This malty unfiltered amber beer, which is lagered but can be top- or bottom-fermented, is at its best when served straight from the cask in the region's beer gardens. These are in turn known as Kellers, perhaps because so many are right outside the eponymous cellars where the beer is lagered. And the attraction of Moor's Franken Fest was the promise not just of Franconian beers, but that they'd be served from the cask.
Discovering on arrival that they were charging £5 admission almost put me off going in. OK, you got a Bierkrug (pottery beer mug) for that, but it was non-refundable and I have more than enough glassware and stuff! I'm pretty sure they miscalculated here – I relented and paid up, but over the course of the next two or three hours I saw several groups of drinkers enter then leave again, muttering, when they found out the cost. And certainly they didn't sell out of beer – there were still Kellerbiers on sale there a week later, to judge from the check-ins on Untappd.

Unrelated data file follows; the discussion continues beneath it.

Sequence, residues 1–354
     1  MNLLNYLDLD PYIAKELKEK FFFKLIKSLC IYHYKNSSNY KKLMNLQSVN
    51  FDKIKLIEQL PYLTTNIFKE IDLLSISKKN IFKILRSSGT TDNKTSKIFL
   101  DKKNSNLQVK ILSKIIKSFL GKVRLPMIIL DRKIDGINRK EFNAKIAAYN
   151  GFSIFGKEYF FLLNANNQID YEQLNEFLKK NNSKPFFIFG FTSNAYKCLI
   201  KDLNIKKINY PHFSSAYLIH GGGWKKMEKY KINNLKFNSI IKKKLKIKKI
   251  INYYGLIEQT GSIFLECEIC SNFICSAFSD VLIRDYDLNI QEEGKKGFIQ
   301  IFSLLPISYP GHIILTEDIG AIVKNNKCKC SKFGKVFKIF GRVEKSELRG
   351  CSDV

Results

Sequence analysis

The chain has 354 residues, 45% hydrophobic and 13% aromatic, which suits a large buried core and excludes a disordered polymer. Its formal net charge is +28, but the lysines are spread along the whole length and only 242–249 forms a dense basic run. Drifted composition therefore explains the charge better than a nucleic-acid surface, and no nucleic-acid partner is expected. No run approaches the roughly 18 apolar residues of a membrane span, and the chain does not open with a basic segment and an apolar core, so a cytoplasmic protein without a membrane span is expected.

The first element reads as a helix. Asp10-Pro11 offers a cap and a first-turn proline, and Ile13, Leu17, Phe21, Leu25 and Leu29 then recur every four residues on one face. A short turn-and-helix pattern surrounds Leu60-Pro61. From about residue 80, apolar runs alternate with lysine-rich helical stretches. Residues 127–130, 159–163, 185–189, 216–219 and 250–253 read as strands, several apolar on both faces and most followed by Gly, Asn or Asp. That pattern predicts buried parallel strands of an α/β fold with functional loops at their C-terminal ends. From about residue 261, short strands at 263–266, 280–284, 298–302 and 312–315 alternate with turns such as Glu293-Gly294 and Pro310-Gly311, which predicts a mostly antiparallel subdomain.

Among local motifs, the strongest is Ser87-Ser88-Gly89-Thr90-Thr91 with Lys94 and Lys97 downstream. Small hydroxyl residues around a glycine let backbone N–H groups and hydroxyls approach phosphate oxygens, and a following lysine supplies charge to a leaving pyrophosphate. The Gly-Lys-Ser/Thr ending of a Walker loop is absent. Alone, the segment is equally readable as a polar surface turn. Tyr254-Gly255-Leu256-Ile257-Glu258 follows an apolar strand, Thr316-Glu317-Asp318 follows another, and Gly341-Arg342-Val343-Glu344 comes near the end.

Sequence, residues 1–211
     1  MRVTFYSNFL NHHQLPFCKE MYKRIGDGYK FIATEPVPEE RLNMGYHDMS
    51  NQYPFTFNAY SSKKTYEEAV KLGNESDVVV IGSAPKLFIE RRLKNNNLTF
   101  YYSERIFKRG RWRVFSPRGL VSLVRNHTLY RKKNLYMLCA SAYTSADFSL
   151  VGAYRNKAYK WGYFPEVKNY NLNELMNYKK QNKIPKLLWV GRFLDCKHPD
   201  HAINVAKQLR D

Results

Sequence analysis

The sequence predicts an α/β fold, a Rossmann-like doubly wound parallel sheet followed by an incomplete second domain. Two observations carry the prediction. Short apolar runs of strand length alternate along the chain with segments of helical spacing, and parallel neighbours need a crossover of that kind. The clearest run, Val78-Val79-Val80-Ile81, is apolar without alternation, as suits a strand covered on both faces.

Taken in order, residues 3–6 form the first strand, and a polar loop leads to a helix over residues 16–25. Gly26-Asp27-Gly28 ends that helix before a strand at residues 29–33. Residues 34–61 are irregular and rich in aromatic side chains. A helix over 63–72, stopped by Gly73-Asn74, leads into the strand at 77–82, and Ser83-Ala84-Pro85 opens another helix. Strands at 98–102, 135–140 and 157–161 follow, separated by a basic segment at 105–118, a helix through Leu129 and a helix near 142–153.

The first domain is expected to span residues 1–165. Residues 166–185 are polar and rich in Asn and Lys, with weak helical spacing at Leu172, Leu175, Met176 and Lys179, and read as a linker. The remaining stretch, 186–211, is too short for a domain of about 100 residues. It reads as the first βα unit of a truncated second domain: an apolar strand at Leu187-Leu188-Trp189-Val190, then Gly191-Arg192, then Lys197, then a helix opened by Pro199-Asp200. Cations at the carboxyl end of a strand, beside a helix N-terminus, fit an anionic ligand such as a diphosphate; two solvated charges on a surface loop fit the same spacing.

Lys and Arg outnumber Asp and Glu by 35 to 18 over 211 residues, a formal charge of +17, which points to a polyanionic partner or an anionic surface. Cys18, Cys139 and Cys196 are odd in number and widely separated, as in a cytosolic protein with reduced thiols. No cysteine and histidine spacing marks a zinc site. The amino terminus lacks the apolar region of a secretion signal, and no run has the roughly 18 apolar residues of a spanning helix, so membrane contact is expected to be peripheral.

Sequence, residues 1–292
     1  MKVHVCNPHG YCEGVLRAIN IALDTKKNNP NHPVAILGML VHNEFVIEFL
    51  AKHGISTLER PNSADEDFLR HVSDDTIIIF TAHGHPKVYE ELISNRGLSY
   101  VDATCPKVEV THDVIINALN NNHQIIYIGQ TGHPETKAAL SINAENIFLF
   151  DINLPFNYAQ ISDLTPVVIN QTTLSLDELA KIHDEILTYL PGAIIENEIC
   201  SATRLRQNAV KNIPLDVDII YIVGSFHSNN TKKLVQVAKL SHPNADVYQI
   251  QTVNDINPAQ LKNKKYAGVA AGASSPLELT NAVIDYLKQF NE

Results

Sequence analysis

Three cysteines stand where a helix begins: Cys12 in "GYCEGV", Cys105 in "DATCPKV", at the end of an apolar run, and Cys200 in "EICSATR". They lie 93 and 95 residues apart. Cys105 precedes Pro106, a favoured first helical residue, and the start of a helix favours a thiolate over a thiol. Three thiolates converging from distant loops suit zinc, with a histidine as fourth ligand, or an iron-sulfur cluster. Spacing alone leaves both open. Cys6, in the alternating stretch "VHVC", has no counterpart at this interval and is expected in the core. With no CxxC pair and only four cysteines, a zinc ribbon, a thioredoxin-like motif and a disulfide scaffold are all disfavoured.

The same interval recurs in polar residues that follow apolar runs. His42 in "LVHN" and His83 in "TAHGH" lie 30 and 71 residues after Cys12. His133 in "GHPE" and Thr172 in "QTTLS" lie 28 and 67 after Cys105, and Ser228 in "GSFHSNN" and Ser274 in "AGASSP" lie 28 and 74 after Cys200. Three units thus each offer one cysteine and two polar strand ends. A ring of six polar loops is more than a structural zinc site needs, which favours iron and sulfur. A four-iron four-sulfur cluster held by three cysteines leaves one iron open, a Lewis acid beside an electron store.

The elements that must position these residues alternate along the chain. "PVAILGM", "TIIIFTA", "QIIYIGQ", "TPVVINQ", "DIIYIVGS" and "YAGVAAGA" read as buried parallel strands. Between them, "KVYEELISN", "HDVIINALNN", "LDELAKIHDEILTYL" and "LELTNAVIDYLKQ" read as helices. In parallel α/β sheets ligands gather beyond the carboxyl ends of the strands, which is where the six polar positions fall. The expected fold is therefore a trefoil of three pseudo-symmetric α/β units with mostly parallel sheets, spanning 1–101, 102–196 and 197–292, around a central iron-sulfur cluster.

Be that as it may, the beer was excellent. Due to limited space on the festival 'bar', they only had three cask Kellerbiers available at a time; when one was empty, it was replaced by something different. Two or three more were available on keg on the main bar, alongside a full range of Moor's own beer, including a couple of new releases. By chance, two of the three on offer when I arrived were ones I've drunk at their respective breweries in Bamberg – Mahr's aU ("ah-oo") and Spezial Lager Rauch. So I went for the third, which was Mönchsambacher Export, and it was gorgeous – dry-bitter over a rich and full malty-sweet body.
|Amber Ale in a Krug? sure, why not!|
And that was it – pausing only to sell my krug to a new arrival for a quid, I left, filled with good beer and a strong desire to revisit Franconia.